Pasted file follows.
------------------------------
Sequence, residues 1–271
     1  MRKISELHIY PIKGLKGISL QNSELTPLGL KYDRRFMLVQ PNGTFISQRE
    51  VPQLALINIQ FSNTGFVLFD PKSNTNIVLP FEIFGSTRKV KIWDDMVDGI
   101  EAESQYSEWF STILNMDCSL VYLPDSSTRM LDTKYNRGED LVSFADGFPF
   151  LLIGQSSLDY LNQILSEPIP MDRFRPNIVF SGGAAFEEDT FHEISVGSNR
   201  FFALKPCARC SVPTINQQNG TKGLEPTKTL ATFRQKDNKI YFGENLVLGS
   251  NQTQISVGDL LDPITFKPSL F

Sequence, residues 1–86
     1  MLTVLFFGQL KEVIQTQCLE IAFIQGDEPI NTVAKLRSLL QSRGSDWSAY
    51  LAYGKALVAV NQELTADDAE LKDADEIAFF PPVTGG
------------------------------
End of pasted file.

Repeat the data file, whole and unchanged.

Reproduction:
Sequence, residues 1–271
     1  MRKISELHIY PIKGLKGISL QNSELTPLGL KYDRRFMLVQ PNGTFISQRE
    51  VPQLALINIQ FSNTGFVLFD PKSNTNIVLP FEIFGSTRKV KIWDDMVDGI
   101  EAESQYSEWF STILNMDCSL VYLPDSSTRM LDTKYNRGED LVSFADGFPF
   151  LLIGQSSLDY LNQILSEPIP MDRFRPNIVF SGGAAFEEDT FHEISVGSNR
   201  FFALKPCARC SVPTINQQNG TKGLEPTKTL ATFRQKDNKI YFGENLVLGS
   251  NQTQISVGDL LDPITFKPSL F

Sequence, residues 1–86
     1  MLTVLFFGQL KEVIQTQCLE IAFIQGDEPI NTVAKLRSLL QSRGSDWSAY
    51  LAYGKALVAV NQELTADDAE LKDADEIAFF PPVTGG